New First Nations cultural rock painting sites found in the Grampians

ABC Larissa Romensky 13 May 2015

While undergoing conservation work on existing Aboriginal rock images in the Grampians, rangers stumbled upon two new previously unknown and unrecorded sites, conserving them will be the challenge.

At one site a mixture of ochre and emu egg has been used across the top of a hand to create a stencil. While a series of figures and lines appear on a rock at another site.

These were recently discovered by rangers in the Grampians while working in the fire affected areas.

"Two pretty standard finds in the Grampians but exciting all the less," said Chief Ranger David Roberts.

The Grampians is home to more than 120 Aboriginal rocks sites dating from 1000 years to 22,000 years old with 20 to 25 of the sites found in the last five years.

"The more we look the more we find," said Mr Roberts.

"The place is still unveiling its treasures."

Most of the image works are of a red and orange colour common to the Western Grampians region but there is the occasional white paint found in the northern end and the odd bit of yellow in the southern end.

Once new rock images sites are found there is thorough process of recording the findings.

A registered archaeologist is required to perform a series of detailed measurements and designs of the images work which is then added to a state-wide data base for managing Aboriginal cultural heritage across the state.

However, the two newly discovered rock image sites will remain in undisclosed locations. This is to protect them.

"We try and keep the 120 sites across the park pretty quiet and off the radar, and the other sites we try and provide an opportunity for visitors and locals to get a sense of what the Aboriginal stories were from pre European times," said Chief Ranger David Roberts when speaking with ABC Western Victoria's Dan Glover.

It is the conservation aspect of the work that is the challenge.

"Certainly in the Grampians we have been really struggling with this for quite a number of years now," said Mr Roberts.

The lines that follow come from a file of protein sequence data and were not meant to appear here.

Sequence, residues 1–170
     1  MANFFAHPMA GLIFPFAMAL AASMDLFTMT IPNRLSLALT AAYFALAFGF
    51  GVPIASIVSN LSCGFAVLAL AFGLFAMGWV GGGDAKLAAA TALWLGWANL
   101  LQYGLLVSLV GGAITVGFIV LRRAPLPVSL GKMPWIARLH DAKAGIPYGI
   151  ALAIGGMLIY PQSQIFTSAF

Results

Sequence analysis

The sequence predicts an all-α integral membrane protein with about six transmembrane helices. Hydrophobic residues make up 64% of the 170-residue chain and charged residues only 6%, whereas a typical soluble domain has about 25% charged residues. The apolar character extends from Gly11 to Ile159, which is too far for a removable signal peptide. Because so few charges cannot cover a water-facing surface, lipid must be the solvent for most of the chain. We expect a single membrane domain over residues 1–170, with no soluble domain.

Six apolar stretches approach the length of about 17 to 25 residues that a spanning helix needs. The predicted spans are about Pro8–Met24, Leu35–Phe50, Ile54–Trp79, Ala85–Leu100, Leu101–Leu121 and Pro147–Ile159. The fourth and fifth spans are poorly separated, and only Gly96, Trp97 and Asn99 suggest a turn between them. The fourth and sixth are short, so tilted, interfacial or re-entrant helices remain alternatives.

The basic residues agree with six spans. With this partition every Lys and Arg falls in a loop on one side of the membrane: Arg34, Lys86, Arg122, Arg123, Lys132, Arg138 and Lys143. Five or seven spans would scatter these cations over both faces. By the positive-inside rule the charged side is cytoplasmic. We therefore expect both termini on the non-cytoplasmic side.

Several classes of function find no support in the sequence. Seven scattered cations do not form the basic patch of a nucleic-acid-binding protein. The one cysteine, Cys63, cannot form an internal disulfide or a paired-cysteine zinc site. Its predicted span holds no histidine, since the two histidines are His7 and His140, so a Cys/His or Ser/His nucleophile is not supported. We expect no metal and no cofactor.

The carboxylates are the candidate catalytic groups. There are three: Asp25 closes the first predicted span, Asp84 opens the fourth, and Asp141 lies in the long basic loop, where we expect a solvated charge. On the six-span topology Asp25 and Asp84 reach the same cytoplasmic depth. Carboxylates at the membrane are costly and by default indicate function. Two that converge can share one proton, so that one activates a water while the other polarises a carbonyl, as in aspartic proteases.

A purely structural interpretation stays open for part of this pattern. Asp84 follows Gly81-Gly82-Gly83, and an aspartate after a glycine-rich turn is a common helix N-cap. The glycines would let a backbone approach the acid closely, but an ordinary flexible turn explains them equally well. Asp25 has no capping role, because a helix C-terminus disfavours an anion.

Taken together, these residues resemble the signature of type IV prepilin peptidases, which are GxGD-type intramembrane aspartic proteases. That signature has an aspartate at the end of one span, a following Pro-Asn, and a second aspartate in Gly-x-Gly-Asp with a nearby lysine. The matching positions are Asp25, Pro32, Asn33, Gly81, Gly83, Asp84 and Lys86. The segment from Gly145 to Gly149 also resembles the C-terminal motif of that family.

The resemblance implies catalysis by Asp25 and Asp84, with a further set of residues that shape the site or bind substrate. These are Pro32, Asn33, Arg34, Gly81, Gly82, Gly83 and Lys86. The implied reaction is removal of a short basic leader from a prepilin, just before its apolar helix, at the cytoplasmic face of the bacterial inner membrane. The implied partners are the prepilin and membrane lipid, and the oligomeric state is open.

One of the biggest challenges is protecting the works from not only Mother Nature but feral animals.

"We have fires we have floods and these artworks ... are subject to things like fire damage and things like the build up of dust and dirt even some strange things like the impact of feral animals, like goats rubbing up against the artwork themselves," said Mr Roberts.

The other big threat to the rock images is water. The mineral based paint used in the rock images is more vulnerable once water gets into the shelters and runs down the drip lines.

"The water not only brings with it the leaching of the rock that the art works on, but also brings in the opportunity for lichen and mosses to stimages growing and taking over the art works," said Mr Roberts.

One of the conservation measures used by the rangers in preserving the rock images is installing silica spray lines.

"It's a very fine spray that stops the water from running down the face of the rock images and diverts it to one side or the other," said Mr Roberts.

But while there are measures to deal with the natural elements the other threat is more difficult to deal with - people.

Vandalism and particularly graffiti is a concern.

"It's very disappointing for us when we do our assessments of these sites and we come across sites that have got graffiti on them," said Mr Roberts.

Mr Roberts is not sure whether to attribute the behaviour to ignorance, in that people are unaware of the rock images or whether it is deliberate.

"The good side of me hopes that it's just ignorance and people just need more education," he said.

"But those graffiti elements are really difficult for us to manage."

The rangers try and remove the graffiti adjacent to the images but it is not an easy task.

"Once you stimages getting graffiti that is etched in or scratched in the artwork itself it's very difficult actually to remove that graffiti because you risk obviously removing the paintwork itself," said Mr Roberts.

The six sites that are promoted by the national park all have a protective cage around them that were erected in the 1960s.

"They were finding the exact same challenges we have today," said Mr Roberts.